|The Council of Chalcedon has become the icon symbol for the foundation for Biblical law. Presbyterian churches have struggled with the concept of Biblical law, with the clear requirement to follow the moral law is found in the Westminster Confession of Faith, Chapter 19. The original council laid out basic Bible doctrine, to include the following of the moral law. Presbyterian churches have been greatly influenced by the original council and most follow the Westminster Confession admiration to obey the moral law and the Sabbath day. A modern day Chalcedon Presbyterian Church will place emphasis on Biblical law Chapter 19 of the Westminster Confession of Faith.|
The Council of Chalcedon
The most important of all the sessions was the fifth, held 22 October; in this the bishops published a decree concerning the Christian Faith, which must be considered as the specific dogmatic decree of the Fourth General Council. A special commission, consisting of the papal legates, of Anatolius of Constantinople, Maximus of Antioch, Juvenal of Jerusalem, and several others, was appointed to draw up this creed or symbol. After again approving the decrees and symbols of the Councils of Nicaea (325), Constantinople (381), and Ephesus (431), as well as the teaching of St. Cyril against Nestorius and the dogmatic epistle of Pope Leo I, the document in question declares:
We teach . . . one and the same Christ, Son, Lord, Only-begotten, known in two natures, without confusion, without change, without division, without separation.
After the recitation of the decree all the bishops exclaimed that such was the true faith, and that all should at once sign their names to it. The imperial commissioners announced that they would communicate to the emperor the decree as approved by all the bishops.
The sixth session (25 October) was celebrated with special solemnities; Marcian and Pulcheria were present with a great attendance, with all the imperial commissioners and the Senate. The emperor made an appropriate address; the decree of faith made in the preceding session was read again and approved by the emperor; and with joyful acclamations to the emperor and to the empress, in which they were compared to Constantine and Helena, the proceedings were closed.
The Chalcedon Council of 451 was convoked at Nicaea but later transferred to Chalcedon, so as to be close to Constantinople and the emperor. It began on 8 October 451. The legates Paschasinus, Bishop Lucentius and the priest Boniface presided, while Julian of Cos sat among the bishops. By their side were the imperial commissars and those serving on the Senate, whose responsibility was simply to keep order in the council's deliberations.
The lists we have of those present are unsatisfactory. According to Leo there were 600 bishops at the council, whereas according to a letter to him there were 500.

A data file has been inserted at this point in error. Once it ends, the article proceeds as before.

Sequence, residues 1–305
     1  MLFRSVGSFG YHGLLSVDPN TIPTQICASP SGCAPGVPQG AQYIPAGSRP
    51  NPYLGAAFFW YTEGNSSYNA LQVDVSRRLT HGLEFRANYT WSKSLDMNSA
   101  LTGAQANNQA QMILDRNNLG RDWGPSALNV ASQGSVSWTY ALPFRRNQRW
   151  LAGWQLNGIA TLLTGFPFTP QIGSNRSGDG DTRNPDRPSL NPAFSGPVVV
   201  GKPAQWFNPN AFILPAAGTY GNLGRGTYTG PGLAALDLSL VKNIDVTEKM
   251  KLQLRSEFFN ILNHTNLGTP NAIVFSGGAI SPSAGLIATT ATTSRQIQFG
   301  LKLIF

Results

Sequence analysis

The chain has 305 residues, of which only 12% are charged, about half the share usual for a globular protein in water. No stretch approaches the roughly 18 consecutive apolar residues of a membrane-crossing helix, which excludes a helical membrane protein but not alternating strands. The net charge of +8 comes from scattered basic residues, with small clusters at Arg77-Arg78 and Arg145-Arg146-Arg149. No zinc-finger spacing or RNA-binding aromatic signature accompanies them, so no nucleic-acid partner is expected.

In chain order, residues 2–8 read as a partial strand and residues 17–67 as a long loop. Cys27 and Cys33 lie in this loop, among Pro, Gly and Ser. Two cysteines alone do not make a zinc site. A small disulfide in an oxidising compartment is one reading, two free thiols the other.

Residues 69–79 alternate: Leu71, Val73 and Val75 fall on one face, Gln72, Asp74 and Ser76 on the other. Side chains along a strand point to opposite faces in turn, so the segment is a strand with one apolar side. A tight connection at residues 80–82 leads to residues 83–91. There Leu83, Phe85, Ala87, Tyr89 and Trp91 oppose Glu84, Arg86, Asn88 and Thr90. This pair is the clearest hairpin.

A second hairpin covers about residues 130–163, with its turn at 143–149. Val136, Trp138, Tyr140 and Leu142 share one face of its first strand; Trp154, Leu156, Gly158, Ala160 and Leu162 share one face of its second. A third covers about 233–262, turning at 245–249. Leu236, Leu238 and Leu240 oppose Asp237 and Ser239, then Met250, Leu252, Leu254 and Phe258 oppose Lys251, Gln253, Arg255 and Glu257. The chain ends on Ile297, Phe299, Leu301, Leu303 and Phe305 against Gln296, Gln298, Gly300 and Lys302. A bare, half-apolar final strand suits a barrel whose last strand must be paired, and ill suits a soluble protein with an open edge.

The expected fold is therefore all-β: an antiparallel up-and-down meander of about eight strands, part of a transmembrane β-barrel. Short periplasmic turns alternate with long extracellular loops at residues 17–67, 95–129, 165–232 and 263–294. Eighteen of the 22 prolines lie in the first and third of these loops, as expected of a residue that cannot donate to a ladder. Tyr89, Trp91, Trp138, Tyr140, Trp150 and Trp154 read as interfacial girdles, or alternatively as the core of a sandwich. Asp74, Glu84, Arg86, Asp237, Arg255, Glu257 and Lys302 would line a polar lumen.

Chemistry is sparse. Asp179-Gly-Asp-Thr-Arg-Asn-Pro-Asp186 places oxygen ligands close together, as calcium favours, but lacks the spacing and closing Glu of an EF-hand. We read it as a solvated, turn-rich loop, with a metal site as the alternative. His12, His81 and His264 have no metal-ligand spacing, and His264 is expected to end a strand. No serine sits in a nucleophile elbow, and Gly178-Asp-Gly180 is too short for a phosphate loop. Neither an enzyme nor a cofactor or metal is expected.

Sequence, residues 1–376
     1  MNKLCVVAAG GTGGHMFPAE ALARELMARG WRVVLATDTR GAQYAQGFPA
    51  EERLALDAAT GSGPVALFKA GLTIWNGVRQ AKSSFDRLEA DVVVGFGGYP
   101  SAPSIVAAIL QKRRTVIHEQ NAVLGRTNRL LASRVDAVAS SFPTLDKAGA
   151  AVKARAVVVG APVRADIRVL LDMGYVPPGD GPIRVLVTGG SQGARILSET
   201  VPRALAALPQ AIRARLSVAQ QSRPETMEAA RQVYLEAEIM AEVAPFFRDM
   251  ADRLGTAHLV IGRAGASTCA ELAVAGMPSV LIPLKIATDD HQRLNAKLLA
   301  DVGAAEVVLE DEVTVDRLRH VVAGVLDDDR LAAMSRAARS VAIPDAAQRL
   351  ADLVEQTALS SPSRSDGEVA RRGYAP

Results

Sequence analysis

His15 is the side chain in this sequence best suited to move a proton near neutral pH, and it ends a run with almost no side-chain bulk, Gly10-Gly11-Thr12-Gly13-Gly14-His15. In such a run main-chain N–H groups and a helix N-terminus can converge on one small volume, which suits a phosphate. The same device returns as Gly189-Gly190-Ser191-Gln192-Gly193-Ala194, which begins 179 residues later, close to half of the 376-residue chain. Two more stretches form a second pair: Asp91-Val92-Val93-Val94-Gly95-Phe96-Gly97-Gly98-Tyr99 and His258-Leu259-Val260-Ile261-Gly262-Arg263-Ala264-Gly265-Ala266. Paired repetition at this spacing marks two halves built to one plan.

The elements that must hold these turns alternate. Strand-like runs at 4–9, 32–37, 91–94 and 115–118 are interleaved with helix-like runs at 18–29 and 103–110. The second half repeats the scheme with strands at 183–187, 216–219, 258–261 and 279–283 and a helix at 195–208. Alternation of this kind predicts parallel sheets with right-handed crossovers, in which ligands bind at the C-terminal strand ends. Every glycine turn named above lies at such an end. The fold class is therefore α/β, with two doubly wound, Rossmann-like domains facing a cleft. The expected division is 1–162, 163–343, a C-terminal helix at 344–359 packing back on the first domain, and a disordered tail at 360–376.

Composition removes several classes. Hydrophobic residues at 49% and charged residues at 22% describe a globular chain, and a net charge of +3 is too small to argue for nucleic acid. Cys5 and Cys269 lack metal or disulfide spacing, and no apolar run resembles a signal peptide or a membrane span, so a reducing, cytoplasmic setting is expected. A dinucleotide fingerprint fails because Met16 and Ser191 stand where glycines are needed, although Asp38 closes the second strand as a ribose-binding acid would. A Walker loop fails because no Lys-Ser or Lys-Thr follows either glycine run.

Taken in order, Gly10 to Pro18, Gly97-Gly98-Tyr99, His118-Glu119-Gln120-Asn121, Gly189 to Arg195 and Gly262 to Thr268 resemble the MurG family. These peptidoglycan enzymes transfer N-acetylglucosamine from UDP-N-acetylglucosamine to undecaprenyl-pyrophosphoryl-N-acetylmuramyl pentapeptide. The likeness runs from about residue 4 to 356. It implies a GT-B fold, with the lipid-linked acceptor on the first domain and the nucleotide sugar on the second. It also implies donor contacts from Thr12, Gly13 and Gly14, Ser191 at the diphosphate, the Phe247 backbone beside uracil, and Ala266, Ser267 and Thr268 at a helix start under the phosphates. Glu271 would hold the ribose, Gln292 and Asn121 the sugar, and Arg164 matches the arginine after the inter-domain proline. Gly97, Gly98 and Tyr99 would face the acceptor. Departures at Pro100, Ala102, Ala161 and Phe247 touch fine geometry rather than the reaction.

The "Definition of the faith" was passed at the council's fifth session, and was solemnly promulgated at the sixth session in the presence of the emperor and the imperial authorities. The formula accepted in the decree is: Christ is one in two natures. This is in agreement with Leo's letter to Flavian of Constantinople, and Leo's letter is expressly mentioned in the Definition of the faith .
The sacred and great and universal synod by God's grace and by decree of your most religious and Christ-loving emperors Valentinian Augustus and Marcian Augustus assembled in Chalcedon, metropolis of the province of Bithynia, in the shrine of the saintly and triumphant martyr Euphemia, issues the following decrees.
In establishing his disciples in the knowledge of the faith, our lord and saviour Christ said: "My peace I give you, my peace I leave to you"', so that no one should disagree with his neighbour regarding religious doctrines but that the proclamation of the truth would be uniformly presented. But the evil one never stops trying to smother the seeds of religion with his own tares and is for ever inventing some novelty or other against the truth; so the Master, exercising his usual care for the human race, roused this religious and most faithful emperor to zealous action, and summoned to himself the leaders of the priesthood from everywhere, so that through the working of the grace of Christ, the master of all of us, every injurious falsehood might be staved off from the sheep of Christ and they might be fattened on fresh growths of the truth.
This is in fact what we have done. We have driven off erroneous doctrines by our collective resolution and we have renewed the unerring creed of the fathers. We have proclaimed to all the creed of the 318; and we have made our own those fathers who accepted this agreed statement of religion -- the 150 who later met in great Constantinople and themselves set their
seal to the same creed. October Chalcedon 451.
The Nicene Creed: